Violent crime in Loudoun and Fauquier counties declined last year to its lowest point in at least six years, according to FBI statistics released this week.

The number of violent crimes in Loudoun dropped 36 percent from a year earlier, Fauquier had an 18.4 percent decline and Leesburg's total was down 40 percent.

When Loudoun's explosive population growth is factored in, the county's incidence of violent crime has dropped by more than half over the past five years.

Loudoun County Sheriff Stephen O. Simpson said the statistics from the FBI's Uniform Crime Report are a welcome indication that some of the new policing measures he and his force have put into place are working.

"We're being as aggressive as we can in implementing some of our initiatives, such as the gang unit and community policing, and I really believe it's had an impact," Simpson said Tuesday. "With a county growing like Loudoun County, we decided we needed to be more proactive instead of being reactive."

Part of that effort came through hiring, Simpson said: While Loudoun's population has increased by about 40 percent since 1999, the FBI figures show that the county has increased the police rolls by 56 percent over the same period.

Simpson noted that although crime in the county is declining, the number of police calls continues to rise. He suggested that plays a part in keeping people safe and underscores a need for Loudoun to remain vigilant about continuing to add deputies.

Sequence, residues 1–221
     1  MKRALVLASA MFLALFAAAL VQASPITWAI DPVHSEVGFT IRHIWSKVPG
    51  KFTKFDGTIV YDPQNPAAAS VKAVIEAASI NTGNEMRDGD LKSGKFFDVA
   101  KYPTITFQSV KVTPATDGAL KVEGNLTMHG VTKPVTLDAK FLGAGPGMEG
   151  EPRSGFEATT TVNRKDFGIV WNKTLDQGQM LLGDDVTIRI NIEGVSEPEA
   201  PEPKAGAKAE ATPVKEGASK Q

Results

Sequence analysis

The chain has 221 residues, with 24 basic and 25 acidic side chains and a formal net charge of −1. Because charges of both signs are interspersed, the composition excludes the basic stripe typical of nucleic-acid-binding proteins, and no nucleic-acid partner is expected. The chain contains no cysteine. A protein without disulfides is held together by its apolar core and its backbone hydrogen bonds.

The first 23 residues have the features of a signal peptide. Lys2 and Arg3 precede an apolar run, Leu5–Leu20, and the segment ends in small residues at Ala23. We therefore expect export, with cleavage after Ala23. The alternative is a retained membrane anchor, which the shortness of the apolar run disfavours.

The annual FBI report, released Monday in Washington, tracks the number of violent crimes -- murders, rapes, robberies and aggravated assaults -- and property crimes -- burglaries, larcenies and thefts, arsons and car thefts.

The drop mirrored a broader, although considerably milder, trend in the region and the nation. Violent crime in the Washington area declined 7.6 percent from 2003; nationally, the decline was 1.2 percent.

Because of a change in the FBI's reporting criteria, it is impossible to compare numbers before 1999 with the new ones. Each year beginning in 1999, however, the number of violent crimes in Loudoun exceeded 200. Last year the total was 140 -- one murder, 27 rapes, 36 robberies and 76 aggravated assaults. The last category is down more than half from the 154 aggravated assaults reported in 2003.

Fauquier reported no murders, three rapes, six robberies and 53 aggravated assaults. Leesburg reported no murders, 13 rapes, 11 robberies and 39 aggravated assaults.

Even the incidence of violent crime -- the number of crimes per 1,000 residents -- was good news for Loudoun. The county's population growth, combined with the drop in crime, enabled the county to cut its rate of crimes per 1,000 residents to 0.59 last year. It was 1.23 in 1999.

"I do consider it a safe community," Simpson said. "That's why people move to Loudoun County, why they live in Loudoun County -- because they consider it safe. We want to do our part to keep it that way."

The incidence of violent crime in Fauquier, in comparison, was unchanged -- 0.98 crimes per 1,000 residents in both 1999 and 2004. Leesburg's incidence dropped to 1.87 crimes per 1,000 residents last year, compared with 2.68 in 1999.

The only sobering note in the Loudoun data was the number of rapes -- 27, up from 23 in 2003. That increase accompanied a national trend. In Fauquier, aggravated assaults increased from 51 in 2003 to 53 last year. Every other category saw a decline.

Both Loudoun and Leesburg had declines in the number of property crimes. Loudoun's count dipped about 13 percent, to 2,667 from 3,065, and Leesburg's dropped about 9 percent, to 849 from 925. Fauquier reported seven more property crimes last year, for a total of 674.